Real estate or other tangible assets
Single family residences are probably the biggest asset class for the general population. However, investing in other types of real estate, such as commercial properties, rental properties, and land can further diversify a portfolio. This asset class can also contain certain tangible assets like mineral rights.
Real estate is one of the more popular forms of wealth creation. By understanding people’s needs, real estate investors can leverage homes, apartments and even commercial buildings with the support of a proper team. Capitalization is less of a problem than most believe. By understanding an owner’s situation, properties can be acquired with very little out of pocket money, depending on whether the plan to is to fix and flip or to buy to rent. Knowledge in real estate is essential to investors looking to find low cost properties that have the potential for generous returns, to avoid mistakes that can eat up potential returns and to market properties effectively.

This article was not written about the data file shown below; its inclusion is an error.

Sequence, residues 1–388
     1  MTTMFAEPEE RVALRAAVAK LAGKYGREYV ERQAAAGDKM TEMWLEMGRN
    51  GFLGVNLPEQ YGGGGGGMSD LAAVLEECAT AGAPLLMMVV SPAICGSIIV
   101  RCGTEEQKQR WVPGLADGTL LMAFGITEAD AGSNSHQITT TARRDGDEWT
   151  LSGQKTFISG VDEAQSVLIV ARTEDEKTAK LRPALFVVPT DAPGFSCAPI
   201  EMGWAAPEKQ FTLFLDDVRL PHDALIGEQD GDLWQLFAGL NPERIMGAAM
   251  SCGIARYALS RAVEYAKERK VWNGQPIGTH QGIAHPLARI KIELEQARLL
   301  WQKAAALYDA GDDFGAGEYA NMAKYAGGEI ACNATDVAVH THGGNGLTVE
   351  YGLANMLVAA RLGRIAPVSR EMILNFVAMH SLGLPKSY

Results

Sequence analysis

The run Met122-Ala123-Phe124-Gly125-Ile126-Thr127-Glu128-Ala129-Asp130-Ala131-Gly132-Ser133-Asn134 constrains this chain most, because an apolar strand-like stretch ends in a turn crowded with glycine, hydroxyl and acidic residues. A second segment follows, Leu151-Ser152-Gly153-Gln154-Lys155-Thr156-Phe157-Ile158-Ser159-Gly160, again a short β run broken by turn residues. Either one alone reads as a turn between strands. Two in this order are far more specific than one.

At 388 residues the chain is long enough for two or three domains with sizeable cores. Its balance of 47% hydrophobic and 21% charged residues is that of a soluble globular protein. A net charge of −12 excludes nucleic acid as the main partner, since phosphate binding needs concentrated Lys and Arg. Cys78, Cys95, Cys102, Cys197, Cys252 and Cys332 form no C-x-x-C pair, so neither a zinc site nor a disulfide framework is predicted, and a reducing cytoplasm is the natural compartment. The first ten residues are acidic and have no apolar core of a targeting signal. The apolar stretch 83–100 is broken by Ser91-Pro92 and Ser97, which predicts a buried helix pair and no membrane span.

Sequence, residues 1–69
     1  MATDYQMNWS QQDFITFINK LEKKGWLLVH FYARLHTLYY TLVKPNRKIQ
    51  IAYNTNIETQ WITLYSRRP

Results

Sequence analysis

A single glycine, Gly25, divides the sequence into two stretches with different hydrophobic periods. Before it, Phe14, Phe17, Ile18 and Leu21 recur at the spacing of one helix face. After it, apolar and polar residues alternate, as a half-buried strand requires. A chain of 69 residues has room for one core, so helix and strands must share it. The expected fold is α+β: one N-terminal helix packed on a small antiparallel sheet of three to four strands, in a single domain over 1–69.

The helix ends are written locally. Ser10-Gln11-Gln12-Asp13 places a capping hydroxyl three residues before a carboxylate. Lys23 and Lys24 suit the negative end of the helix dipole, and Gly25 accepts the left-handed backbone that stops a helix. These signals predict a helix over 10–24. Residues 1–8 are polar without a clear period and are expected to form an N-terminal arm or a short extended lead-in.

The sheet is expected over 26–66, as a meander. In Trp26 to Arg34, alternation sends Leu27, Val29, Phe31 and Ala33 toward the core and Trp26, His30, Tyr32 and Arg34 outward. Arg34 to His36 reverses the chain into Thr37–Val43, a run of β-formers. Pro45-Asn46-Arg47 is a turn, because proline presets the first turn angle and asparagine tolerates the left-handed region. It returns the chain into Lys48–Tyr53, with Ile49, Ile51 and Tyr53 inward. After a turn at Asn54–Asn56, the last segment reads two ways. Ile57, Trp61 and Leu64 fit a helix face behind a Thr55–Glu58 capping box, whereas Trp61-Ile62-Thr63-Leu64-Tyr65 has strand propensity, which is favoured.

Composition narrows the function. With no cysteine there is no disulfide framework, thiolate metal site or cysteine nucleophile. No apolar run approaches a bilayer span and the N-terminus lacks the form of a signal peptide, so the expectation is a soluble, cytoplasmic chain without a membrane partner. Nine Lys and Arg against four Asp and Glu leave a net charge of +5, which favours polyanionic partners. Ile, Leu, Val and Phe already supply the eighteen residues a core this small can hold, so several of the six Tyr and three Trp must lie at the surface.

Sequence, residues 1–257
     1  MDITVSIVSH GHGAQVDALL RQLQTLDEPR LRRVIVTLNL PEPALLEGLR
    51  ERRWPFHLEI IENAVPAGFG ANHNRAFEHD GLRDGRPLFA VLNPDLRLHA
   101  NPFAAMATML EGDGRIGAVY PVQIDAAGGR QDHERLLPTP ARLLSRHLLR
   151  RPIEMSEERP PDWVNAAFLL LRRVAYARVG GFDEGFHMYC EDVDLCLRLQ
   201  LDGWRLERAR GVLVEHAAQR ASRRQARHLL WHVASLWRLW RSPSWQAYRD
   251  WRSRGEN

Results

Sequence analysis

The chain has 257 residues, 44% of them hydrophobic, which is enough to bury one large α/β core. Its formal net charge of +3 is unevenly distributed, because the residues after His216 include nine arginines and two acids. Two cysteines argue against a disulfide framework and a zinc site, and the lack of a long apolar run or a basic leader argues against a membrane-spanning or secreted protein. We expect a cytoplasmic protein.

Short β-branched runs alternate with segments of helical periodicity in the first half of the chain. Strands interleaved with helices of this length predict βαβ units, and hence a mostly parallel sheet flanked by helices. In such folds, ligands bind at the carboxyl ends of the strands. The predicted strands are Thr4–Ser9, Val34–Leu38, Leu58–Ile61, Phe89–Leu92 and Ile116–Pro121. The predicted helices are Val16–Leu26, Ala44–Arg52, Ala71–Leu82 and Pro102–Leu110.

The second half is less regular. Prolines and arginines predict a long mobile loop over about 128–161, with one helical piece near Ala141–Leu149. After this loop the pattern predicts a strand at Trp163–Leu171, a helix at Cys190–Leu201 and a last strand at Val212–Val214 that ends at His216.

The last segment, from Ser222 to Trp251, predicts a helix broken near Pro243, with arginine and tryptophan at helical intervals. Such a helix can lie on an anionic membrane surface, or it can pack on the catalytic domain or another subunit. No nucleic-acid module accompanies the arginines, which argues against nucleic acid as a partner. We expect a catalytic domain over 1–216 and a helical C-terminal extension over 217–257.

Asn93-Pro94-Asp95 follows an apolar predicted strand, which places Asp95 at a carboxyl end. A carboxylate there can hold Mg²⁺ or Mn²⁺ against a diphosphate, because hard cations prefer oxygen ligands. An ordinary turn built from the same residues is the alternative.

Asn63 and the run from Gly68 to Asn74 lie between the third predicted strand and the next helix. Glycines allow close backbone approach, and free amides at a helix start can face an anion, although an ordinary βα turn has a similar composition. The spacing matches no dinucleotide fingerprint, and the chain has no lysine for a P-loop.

Real Estate Risk
The downside risk to real estate is that it can become illiquid, or not easily converted to cash or other cash equivalents. Then the investor must rely on rents, taxation and other means by which to hold or appreciate the value of the property.
The Alternative Asset Classes
These asset classes contain alternative methods of improving one’s ability to obtain wealth. They are designed to help protect a portfolio in times of need, to enhance income streams and to take advantage of global events.
Futures Contracts are less viable than a tangible asset, but they do allow access to virtually the whole world. They are contracts that have specific prices and expiration dates. Their chief benefit is that they offer the investor a very nice leverage – from 10:1 to even 100:1. This leverage can cut both ways, though. While it is an advantage when you are on the right side of the trade, it can also be an account wrecking ball when wrong.
Energy, grains and other food products are examples of commodities that can be traded on the futures market to further diversify a portfolio. And, Futures can also be used to hedge tangible assets.